Saturday, February 2, 2013


I am a member of a handful of comics-related mailing lists.  Right
around the 2012 elections, there was a post on one of those lists
that caught my interest.  The poster remarked that, in this age of
social media, we can learn and read the political positions of our
favorite and not-so-favorite writers and artists.  He wondered if
any of his fellow list members ever found the comments of writers
and artists so distasteful that they simply stopped buying anything
by those creators.  It’s a good question.

Intrigued by this discussion, I asked my Facebook friends and other
online pals/readers/acquaintances if they had ever stopped buying
the work of writers and artists whose political opinions (or the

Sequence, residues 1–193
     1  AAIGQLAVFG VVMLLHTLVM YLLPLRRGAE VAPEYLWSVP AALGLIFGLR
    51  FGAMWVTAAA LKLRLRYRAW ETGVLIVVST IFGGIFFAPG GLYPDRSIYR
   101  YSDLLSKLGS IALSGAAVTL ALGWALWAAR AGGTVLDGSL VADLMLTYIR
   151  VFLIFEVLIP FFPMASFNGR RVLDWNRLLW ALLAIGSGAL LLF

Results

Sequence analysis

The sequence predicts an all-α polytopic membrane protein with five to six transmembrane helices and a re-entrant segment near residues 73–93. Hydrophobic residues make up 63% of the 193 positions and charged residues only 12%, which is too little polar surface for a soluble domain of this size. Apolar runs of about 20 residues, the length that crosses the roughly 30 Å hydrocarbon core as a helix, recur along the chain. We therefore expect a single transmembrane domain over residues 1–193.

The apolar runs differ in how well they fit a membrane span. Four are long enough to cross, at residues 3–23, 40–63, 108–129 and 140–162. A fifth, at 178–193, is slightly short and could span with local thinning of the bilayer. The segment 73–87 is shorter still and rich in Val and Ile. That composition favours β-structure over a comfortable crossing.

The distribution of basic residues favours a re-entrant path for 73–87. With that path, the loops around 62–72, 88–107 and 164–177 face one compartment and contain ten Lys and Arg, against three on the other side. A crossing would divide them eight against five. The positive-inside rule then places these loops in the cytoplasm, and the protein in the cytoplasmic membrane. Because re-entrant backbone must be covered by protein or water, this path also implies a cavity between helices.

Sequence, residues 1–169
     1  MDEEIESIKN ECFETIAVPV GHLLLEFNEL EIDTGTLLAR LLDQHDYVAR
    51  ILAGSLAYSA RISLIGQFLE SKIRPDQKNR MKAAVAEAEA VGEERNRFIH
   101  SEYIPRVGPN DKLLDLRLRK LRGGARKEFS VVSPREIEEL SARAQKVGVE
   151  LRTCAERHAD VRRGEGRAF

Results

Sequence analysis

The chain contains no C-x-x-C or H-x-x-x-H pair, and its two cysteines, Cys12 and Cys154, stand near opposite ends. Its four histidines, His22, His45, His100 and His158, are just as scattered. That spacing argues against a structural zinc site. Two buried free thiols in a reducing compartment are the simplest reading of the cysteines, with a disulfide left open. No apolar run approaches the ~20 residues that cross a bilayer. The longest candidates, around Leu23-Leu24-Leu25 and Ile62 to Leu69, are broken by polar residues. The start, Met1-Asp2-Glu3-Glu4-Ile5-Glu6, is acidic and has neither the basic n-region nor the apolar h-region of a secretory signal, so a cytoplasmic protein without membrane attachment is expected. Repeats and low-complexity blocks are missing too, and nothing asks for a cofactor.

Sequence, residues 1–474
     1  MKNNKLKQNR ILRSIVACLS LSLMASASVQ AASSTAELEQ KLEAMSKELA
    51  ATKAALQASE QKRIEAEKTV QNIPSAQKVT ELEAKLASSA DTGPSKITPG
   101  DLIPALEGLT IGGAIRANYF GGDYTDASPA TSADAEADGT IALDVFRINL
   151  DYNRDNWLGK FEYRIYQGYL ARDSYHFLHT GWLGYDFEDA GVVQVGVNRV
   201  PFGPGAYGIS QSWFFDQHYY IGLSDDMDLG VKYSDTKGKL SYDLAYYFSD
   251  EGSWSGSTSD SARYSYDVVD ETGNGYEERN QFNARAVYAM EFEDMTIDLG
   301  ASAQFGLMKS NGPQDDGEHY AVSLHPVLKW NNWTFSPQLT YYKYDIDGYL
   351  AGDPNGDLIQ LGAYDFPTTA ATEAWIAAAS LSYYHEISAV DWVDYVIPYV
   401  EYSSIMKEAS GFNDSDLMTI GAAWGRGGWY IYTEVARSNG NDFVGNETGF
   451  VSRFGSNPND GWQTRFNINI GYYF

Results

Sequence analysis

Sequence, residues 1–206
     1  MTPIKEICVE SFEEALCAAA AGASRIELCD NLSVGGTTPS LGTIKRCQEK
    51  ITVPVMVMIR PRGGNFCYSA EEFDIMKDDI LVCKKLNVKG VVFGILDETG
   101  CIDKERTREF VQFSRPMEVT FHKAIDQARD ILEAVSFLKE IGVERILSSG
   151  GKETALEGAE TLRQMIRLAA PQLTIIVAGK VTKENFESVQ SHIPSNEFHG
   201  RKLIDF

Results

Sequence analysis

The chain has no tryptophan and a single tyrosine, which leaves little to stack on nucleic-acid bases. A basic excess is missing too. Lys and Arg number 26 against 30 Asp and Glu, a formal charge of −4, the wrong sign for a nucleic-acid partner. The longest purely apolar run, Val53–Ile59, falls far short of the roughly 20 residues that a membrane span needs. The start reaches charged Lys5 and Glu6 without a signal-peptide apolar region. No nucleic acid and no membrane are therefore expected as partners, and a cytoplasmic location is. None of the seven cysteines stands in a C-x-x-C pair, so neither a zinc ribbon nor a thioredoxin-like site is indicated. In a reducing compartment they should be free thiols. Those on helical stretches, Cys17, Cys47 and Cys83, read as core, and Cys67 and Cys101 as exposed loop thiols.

creators’ caustic expression of said opinions) had turned them off.
I requested that those who wanted to respond to my question do so
privately.  I wasn’t looking for public arguments or to mention any
creators by name.

Friends of Old Tony know my political leanings are most definitely
liberal and progressive.  While I respect actual conservatives, an
endangered species in these days of extreme right-wing madness, I
haven’t been silent about speaking out against what I consider the
often vile positions staked out by the uber-righties.  If this has
cost me readers, and it likely has, it doesn’t seem to have cost me
many readers.  Oh, sure, there was the guy who used to write Comics
Buyer’s Guide
on a regular basis demanding I be fired and replaced
by a conservative comics reviewer, but most readers did not seem to
have a problem with my expressing my opinions.

If I were to conduct a survey of my regular readers, I suspect the
liberal/progressives would be in the majority.  If stating this is
stating the obvious, I do so only because that’s something to be
considered as we discuss the results of this informal, unscientific